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Eugenia Obichkina

Doctor of History, Professor at MGIMO-University, RIAC expert

November 20 and 27, France’s right-wing republicans will hold their primaries intended both to determine the single candidate capable of winning the first elections round defeating the left-wing candidate, and to define the principal features of the candidate’s program that would address the sentiments of the greater part of the voters. Currently, France’s former prime minister Alain Juppé is ahead of the former president Nicolas Sarkozy.

November 20 and 27, France’s right-wing republicans will hold their primaries intended both to determine the single candidate capable of winning the first elections round defeating the left-wing candidate, and to define the principal features of the candidate’s program that would address the sentiments of the greater part of the voters. Currently, France’s former prime minister Alain Juppé is ahead of the former president Nicolas Sarkozy.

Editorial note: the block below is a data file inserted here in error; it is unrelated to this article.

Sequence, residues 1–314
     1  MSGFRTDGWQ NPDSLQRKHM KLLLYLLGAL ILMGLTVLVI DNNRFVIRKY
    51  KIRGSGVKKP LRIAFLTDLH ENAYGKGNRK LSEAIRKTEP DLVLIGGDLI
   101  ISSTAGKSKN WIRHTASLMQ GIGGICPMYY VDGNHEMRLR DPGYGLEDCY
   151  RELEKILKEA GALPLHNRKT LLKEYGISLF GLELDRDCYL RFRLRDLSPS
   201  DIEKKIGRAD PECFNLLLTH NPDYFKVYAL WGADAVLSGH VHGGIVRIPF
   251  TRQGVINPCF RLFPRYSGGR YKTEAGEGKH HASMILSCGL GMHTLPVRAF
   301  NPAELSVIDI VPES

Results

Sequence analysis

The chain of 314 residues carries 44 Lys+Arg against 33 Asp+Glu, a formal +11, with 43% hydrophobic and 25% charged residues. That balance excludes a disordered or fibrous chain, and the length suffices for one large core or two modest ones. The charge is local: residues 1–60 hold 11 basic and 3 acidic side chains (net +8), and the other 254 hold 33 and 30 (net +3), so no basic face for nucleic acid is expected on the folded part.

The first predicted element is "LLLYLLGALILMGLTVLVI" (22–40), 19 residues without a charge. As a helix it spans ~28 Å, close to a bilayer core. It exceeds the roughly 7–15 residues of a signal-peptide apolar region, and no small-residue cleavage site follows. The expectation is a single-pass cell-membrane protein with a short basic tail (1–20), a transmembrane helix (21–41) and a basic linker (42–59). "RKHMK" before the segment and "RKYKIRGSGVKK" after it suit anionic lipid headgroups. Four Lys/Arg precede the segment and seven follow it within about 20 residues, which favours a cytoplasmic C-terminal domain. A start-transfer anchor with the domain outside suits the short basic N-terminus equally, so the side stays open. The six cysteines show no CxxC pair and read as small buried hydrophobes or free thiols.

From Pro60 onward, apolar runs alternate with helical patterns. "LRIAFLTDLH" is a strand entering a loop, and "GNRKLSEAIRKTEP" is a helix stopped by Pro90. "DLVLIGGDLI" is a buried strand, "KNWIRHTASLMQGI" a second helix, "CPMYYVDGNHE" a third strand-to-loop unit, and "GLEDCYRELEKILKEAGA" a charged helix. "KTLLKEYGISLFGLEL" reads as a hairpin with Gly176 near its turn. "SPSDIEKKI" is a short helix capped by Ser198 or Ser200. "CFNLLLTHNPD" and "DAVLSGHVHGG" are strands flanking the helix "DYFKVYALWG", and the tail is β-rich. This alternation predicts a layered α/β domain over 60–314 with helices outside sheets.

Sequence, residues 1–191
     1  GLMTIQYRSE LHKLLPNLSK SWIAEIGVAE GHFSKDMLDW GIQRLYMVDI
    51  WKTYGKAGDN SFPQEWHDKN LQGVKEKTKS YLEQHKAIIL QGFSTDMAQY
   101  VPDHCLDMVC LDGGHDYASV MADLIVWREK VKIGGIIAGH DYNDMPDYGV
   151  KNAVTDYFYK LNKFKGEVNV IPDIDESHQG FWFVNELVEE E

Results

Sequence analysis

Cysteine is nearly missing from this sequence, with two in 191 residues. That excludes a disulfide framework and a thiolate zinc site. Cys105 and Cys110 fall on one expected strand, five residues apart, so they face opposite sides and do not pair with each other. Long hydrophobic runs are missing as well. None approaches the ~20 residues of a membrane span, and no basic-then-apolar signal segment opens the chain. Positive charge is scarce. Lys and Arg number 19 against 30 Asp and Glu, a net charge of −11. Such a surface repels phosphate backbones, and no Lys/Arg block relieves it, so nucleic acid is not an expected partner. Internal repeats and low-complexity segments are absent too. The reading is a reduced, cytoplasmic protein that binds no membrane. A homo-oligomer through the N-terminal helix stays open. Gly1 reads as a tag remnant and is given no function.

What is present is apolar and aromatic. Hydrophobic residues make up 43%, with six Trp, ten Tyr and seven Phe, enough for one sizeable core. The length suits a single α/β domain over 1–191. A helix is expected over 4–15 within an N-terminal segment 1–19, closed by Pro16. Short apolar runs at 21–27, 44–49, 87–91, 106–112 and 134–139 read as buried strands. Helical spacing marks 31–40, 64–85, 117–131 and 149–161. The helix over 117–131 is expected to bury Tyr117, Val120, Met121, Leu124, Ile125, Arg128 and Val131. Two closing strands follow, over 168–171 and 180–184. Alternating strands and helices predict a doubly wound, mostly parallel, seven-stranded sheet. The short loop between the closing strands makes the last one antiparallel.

The Right-Wing Primaries: November 2016